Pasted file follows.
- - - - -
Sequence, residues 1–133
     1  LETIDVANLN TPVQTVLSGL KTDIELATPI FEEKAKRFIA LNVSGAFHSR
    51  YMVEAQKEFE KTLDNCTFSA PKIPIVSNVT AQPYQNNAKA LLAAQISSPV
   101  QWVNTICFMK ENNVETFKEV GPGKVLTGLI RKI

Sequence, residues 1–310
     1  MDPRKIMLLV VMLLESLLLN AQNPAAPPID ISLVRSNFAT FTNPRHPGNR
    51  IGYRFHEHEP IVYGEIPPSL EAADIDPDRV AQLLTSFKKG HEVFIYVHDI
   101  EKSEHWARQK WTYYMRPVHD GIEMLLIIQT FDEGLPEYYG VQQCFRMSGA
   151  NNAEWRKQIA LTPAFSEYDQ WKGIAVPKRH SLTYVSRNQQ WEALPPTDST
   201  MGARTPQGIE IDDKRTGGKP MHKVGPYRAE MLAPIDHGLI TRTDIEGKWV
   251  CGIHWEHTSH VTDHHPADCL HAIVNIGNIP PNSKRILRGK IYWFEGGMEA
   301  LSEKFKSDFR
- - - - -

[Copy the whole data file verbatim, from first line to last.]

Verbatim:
Sequence, residues 1–133
     1  LETIDVANLN TPVQTVLSGL KTDIELATPI FEEKAKRFIA LNVSGAFHSR
    51  YMVEAQKEFE KTLDNCTFSA PKIPIVSNVT AQPYQNNAKA LLAAQISSPV
   101  QWVNTICFMK ENNVETFKEV GPGKVLTGLI RKI

Sequence, residues 1–310
     1  MDPRKIMLLV VMLLESLLLN AQNPAAPPID ISLVRSNFAT FTNPRHPGNR
    51  IGYRFHEHEP IVYGEIPPSL EAADIDPDRV AQLLTSFKKG HEVFIYVHDI
   101  EKSEHWARQK WTYYMRPVHD GIEMLLIIQT FDEGLPEYYG VQQCFRMSGA
   151  NNAEWRKQIA LTPAFSEYDQ WKGIAVPKRH SLTYVSRNQQ WEALPPTDST
   201  MGARTPQGIE IDDKRTGGKP MHKVGPYRAE MLAPIDHGLI TRTDIEGKWV
   251  CGIHWEHTSH VTDHHPADCL HAIVNIGNIP PNSKRILRGK IYWFEGGMEA
   301  LSEKFKSDFR